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Bilateral superficial cervical plexus block for transoral endoscopic thyroidectomy (vestibular approach): a randomized controlled study p. 418
Enas Abd El Motlb, Alaa El-Deeb
Background Transoral endoscopic thyroidectomy is one of the scarless approaches for thyroid surgery. The aim of this study was to assess analgesic efficacy of cervical plexus block after general anesthesia for transoral thyroidectomy. The secondary goals are hospital stay, total analgesic consumption, and adverse effects of either anesthesia or surgery. Patients and methods This study was carried out in Mansoura Oncology Hospital. After informed consent, patients undergoing transoral thyroidectomy were randomized into two groups: the first group received general anesthesia (group G) and the second group received bilateral superficial cervical plexus block with ropivacaine 0.5% after induction of general anesthesia (group GB). Analgesic efficiency was our primary concern. Secondary outcomes included patient satisfaction, hospital stay, rescue analgesic, and adverse effects. Results After applying the exclusion criteria, 40 patients were randomized into two groups in this study. The postanesthesia care unit time, pain score for 8 h postoperatively, postoperative opioid requirement, and hospital stay were statistically significantly less in group GB than in the control group. Patient satisfaction is more observed in group GB. Conclusion Bilateral superficial cervical plexus block provided effective analgesia after transoral endoscopic thyroidectomy. Moreover, it results in more patient satisfaction and less hospital stay.
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Dynamic left intraventricular obstruction in patients with septic shock: pathogenetic role and prognostic implications p. 424
Samir Elhadidy, Moustafa Rafea, Suzy Fawzy, Abdo Elazab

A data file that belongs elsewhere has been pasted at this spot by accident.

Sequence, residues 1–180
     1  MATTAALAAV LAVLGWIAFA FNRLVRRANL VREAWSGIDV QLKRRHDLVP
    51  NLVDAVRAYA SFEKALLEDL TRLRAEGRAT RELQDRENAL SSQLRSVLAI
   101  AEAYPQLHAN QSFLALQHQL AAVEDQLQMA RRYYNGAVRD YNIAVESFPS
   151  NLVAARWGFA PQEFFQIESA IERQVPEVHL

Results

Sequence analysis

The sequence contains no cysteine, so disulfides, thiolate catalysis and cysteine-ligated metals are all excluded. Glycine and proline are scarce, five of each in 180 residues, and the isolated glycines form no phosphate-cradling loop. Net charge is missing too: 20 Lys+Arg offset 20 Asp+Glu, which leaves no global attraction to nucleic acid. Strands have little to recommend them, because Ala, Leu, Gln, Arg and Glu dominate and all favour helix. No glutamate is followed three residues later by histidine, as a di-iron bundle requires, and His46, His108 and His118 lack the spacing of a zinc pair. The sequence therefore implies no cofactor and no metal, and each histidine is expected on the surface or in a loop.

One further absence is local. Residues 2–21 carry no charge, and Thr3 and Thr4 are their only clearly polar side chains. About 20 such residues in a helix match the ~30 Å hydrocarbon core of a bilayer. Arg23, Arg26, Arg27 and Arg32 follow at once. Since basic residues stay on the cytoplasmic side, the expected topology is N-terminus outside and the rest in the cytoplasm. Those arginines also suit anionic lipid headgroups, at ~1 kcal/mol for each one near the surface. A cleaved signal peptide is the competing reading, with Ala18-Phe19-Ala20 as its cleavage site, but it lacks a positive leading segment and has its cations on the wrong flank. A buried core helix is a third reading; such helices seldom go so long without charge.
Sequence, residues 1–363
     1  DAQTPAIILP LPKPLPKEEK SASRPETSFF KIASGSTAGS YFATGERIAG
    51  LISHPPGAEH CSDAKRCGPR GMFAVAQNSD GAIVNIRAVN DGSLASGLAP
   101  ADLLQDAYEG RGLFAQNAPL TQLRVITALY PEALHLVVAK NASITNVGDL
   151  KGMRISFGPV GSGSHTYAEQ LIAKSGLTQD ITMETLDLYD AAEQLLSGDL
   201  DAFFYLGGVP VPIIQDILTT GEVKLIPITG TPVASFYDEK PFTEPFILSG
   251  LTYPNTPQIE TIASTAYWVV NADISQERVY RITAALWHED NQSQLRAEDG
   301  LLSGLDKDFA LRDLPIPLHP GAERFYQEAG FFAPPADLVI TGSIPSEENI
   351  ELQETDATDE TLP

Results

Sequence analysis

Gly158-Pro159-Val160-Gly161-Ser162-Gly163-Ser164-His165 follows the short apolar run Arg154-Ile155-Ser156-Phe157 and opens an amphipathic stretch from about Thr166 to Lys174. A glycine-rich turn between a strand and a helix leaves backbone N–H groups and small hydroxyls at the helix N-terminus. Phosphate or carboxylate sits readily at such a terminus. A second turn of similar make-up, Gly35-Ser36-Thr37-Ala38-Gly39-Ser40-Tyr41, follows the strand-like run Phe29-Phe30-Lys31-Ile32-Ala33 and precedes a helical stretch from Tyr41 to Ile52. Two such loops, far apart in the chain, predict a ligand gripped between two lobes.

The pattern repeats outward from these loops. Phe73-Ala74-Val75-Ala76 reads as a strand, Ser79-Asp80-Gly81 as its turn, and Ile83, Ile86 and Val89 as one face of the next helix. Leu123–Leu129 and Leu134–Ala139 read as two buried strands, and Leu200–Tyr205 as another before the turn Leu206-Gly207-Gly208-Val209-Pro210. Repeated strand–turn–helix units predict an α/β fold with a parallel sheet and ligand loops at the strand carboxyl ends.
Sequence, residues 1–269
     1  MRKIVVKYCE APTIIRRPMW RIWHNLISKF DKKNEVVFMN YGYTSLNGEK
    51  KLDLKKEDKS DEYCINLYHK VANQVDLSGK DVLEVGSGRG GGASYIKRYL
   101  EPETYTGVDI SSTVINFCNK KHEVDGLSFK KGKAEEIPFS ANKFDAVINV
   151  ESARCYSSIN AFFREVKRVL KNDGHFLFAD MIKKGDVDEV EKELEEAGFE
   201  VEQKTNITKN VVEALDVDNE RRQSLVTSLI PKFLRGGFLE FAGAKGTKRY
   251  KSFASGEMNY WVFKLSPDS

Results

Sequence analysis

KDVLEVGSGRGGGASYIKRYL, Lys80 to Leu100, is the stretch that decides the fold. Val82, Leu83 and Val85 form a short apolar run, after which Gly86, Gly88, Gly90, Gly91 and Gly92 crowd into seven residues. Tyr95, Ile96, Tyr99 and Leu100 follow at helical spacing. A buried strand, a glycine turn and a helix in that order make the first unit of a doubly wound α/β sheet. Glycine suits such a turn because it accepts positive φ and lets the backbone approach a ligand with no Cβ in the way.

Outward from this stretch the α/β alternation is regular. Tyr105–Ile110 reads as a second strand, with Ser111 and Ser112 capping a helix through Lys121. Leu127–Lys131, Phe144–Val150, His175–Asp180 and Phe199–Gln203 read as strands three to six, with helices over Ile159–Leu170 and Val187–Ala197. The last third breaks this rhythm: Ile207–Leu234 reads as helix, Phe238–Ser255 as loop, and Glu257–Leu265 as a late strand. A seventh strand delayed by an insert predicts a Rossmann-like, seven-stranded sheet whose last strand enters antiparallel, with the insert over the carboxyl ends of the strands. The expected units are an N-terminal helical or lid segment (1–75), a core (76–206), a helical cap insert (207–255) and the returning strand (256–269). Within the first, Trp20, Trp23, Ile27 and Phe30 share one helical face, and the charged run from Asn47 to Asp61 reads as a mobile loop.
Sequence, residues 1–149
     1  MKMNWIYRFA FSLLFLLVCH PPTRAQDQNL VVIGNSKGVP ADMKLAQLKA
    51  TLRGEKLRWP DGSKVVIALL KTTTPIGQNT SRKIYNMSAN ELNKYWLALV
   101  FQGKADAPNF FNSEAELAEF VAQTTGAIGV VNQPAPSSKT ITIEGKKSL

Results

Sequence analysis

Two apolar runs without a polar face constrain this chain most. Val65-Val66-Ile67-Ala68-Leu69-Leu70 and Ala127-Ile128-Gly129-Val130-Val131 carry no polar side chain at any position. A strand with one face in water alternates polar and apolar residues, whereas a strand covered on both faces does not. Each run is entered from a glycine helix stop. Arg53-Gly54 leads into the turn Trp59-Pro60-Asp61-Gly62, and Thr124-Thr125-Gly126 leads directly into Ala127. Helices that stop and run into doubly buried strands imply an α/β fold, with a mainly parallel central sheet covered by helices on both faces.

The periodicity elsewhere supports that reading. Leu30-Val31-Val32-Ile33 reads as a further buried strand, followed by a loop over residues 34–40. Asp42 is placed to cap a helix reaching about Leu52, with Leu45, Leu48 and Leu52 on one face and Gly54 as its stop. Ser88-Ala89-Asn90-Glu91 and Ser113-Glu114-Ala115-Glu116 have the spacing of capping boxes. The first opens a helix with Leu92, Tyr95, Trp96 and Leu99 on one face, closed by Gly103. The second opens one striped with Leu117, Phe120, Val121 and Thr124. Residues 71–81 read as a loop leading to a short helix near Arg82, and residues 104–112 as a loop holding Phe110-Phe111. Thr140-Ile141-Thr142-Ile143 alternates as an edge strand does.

Background Left intraventricular flow obstruction (IVO) has been classically described in asymmetric hypertrophic cardiomyopathy, usually at the level of the left ventricular outflow tract (LVOT) or at midcavitary level, which is due to systolic anterior movement of the anterior leaflet of the mitral valve. This phenomenon has also been previously described in certain clinical situations mainly revolving around hypovolemia and catecholamine exposure and recently as a frequent event in patients with septic shock with an important correlation with fluid responsiveness. Multiple studies have demonstrated that static parameters limited the predictive value for fluid responsiveness, whereas dynamic parameters have shown a greater clinical use, including respiratory changes in aortic blood velocity, superior vena cava collapsibility, inferior vena cava (IVC) collapsibility, and changes in stroke volume and Cardiac Output (CO) owing to passive leg raising. Objective This study aimed to assess (a) the prevalence of dynamic IVO in patients with septic shock; (b) relation among IVO, volume status, and fluid responsiveness; and (c) relation between IVO and in-hospital mortality. Patients and methods A total of 40 patients with septic shock were studied over a period of 1 year for the presence of Doppler signs of dynamic IVO, clinical characteristics, hemodynamic parameters, and APACHE II and SOFA scoring. Echocardiographic data including IVC collapsibility, CO, LVOT mean and peak pressure gradient, LVOT maximum velocity, and midcavitary Doppler pattern were recorded initially and following fluid resuscitation (30 ml/kg). Patients were categorized into two groups: group A included patients with IVO and group B included patients without IVO. There was a statistically nonsignificant difference between both groups regarding the baseline demographic, clinical, and hemodynamic parameters. Results A total of 40 (45% were males and 55% females) patients, with a mean age of 52±20 years, were studied, of whom a total of 13 (32%) had IVO versus 27 patients without IVO. Following fluid infusion, as compared with group B, group A showed significantly greater increase in Cardiac Output (COP) (5.85±1.4 vs. 4.4±1.8, P=0.0203) and IVC collapsibility (54.42±6.8 vs 50.56±13, P=0.42). ICU mortality was significantly higher in patients with IVO [10/13 (76.9%)] versus patients without IVO [7/27 (25.9%), P<0.002]. Conclusion Dynamic left IVO is not uncommon in patients with septic shock in ICU. Response to fluid infusion was significantly higher in patients with IVO compared with patients without IVO, pointing to an additional role of fluid resuscitation in patients with sepsis.